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World Population: How Did It Get So Big?

Updated on July 12, 2008
World Population Calculator
World Population Calculator
Fritz Haber
Fritz Haber
Carl Bosch
Carl Bosch

1. The Haber-Bosch Process

As I have been writing this article, the world population has passed 6.8 billion. Today it's 11% more than what it was (6.1 billion) when the 20th Century ended - and when MIT Press published a book called Enriching the Earth: Fritz Haber, Carl Bosch, and the Transformation of World Food Production.

The book is about the process of synthesizing ammonia. Fritz Haber, a German, invented the process in 1909 and was awarded the Nobel Prize in Chemistry in 1918. Carl Bosch, another German working for the chemical company BASF, shared the Nobel Prize in 1931 for industrializing the process that Haber invented.

According to MIT Press, the Haber-Bosch process "has been of greater fundamental importance to the modern world than ... the airplane, nuclear energy, space flight, or television. The expansion of the world's population from 1.6 billion people in 1900 to today's six billion [in 2000] would not have been possible without the [industrial] synthesis of ammonia."

The synthetic ammonia produced by Haber-Bosch is a chemical compound of the elements hydrogen and nitrogen, and for our purposes the important element is nitrogen. Although nitrogen is abundant in the atmosphere as a gas, it is unusable until it has been fixed - converted into a form such as ammonia that is usable. Fixed nitrogen is of particular importance for fertilizers and munitions. But naturally fixed nitrogen is scarce. Germany used the Haber-Bosch process in World War I (1914-1918) to make synthetic nitrogen for explosives. Some believe that without Haber-Bosch, Germany would have run out of explosives in 1916 and might have had to quit the war two years before it actually did.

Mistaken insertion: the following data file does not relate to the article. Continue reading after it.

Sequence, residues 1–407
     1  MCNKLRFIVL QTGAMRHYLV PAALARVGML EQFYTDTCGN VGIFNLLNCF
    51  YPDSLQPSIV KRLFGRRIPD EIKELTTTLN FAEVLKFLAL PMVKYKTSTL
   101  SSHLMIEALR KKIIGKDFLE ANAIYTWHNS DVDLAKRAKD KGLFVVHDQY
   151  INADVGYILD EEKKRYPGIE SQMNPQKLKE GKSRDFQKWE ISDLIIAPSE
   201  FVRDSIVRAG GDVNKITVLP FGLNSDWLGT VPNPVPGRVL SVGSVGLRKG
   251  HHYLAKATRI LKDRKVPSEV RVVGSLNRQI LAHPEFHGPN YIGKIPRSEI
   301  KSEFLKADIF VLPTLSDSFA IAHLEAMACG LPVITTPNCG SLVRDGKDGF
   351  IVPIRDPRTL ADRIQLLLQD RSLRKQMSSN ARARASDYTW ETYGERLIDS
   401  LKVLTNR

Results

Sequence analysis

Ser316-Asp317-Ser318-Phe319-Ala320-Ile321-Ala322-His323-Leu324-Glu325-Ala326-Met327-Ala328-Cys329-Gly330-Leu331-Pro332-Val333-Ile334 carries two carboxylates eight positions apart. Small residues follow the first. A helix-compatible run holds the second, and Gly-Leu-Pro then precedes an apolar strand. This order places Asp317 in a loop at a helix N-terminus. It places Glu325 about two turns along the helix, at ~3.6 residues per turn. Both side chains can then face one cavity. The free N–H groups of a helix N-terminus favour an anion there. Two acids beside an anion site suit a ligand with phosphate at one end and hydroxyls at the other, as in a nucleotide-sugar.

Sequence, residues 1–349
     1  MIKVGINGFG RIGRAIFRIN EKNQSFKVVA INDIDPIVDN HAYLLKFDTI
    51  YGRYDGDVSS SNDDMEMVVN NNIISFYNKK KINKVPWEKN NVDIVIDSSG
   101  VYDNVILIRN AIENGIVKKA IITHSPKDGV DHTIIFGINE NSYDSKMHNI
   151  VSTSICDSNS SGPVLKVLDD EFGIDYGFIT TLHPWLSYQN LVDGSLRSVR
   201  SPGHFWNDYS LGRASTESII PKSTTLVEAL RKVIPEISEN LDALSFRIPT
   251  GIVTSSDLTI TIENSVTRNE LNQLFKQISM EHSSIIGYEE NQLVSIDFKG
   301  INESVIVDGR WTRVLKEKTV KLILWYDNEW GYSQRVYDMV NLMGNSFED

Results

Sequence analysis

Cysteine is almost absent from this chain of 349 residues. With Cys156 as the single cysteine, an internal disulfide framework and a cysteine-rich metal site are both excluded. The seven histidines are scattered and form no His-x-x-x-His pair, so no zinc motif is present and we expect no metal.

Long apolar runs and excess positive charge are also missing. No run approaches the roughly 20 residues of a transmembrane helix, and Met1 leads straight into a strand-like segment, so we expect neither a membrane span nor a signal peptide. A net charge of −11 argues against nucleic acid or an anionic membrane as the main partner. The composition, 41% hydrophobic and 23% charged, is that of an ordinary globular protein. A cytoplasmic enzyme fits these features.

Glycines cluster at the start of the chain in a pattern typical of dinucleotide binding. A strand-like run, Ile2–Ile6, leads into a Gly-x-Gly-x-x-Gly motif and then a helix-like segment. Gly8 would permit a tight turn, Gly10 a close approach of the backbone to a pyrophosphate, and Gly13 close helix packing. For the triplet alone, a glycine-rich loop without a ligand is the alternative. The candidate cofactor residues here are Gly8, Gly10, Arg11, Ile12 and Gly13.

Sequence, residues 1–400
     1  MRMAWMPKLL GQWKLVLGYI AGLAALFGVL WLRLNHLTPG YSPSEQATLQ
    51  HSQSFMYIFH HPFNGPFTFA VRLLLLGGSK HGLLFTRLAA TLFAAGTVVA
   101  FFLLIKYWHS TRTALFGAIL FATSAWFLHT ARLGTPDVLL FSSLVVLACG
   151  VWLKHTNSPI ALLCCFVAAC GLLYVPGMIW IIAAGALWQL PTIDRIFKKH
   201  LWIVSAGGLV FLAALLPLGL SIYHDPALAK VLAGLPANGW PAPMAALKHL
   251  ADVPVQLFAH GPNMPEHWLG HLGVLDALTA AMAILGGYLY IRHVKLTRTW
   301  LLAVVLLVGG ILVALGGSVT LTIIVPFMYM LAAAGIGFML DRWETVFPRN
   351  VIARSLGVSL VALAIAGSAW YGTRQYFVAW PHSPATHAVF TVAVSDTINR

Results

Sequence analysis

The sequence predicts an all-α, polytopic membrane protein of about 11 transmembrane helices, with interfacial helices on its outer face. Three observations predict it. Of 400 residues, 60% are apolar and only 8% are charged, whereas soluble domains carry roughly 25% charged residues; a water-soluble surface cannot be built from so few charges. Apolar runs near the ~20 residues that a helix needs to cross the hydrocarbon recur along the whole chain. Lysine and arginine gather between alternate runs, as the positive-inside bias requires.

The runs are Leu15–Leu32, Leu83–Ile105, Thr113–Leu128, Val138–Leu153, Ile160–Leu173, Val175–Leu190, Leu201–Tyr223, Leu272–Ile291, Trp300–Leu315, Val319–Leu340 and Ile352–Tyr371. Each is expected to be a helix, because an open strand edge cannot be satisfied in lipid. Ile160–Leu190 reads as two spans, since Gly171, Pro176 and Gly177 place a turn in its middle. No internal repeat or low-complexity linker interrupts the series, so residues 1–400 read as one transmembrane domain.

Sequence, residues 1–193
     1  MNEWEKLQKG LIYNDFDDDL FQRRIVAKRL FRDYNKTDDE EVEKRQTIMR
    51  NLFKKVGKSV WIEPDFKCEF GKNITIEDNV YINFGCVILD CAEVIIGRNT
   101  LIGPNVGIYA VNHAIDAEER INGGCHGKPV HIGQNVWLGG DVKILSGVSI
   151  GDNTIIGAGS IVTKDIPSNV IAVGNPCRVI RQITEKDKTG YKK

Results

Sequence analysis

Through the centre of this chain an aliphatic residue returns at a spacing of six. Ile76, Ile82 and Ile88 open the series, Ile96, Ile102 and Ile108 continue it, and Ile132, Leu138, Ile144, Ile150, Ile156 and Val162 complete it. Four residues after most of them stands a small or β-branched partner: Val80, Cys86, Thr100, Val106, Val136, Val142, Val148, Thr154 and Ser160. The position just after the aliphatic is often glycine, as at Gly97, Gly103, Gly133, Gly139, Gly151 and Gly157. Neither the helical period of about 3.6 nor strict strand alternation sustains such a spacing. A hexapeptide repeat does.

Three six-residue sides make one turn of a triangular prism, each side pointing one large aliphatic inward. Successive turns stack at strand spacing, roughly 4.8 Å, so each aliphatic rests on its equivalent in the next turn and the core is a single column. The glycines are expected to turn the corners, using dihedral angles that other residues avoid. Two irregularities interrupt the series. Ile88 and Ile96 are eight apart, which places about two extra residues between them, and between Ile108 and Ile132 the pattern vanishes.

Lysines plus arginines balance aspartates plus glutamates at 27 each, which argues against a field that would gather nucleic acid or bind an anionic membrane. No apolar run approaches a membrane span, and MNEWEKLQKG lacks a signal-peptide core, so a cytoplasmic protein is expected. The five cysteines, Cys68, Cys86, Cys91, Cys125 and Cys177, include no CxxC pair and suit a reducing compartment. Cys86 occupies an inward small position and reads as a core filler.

But we're interested in the connection between Haber-Bosch and human procreation, not human destruction. We're interested in synthetic nitrogen fertilizer.

3. Haber-Bosch and Population Growth

But by 1900, arable land around the world was pretty much maxed out, and the rhizobia working the land, bless them all, could fix only some 140 million metric tons of nitrogen a year. Thunderstorms rained down another 10 million tons of nitrogen fixed by lightning. But that was it. One hundred fifty million metric tons per year. Bacteria and lightning are nature's only nitrogen fixers. Farmers, of course, recycled what they already had as manure and compost. And nitrogen was also being extracted from nitrate mines in Chile (fossil nitrogen) and collected as guano from sea bird excrement. But by the early 1900s human population growth had its nose pressed up against the window of maximum food production.Then Fritz Haber and Carl Bosch broke the window.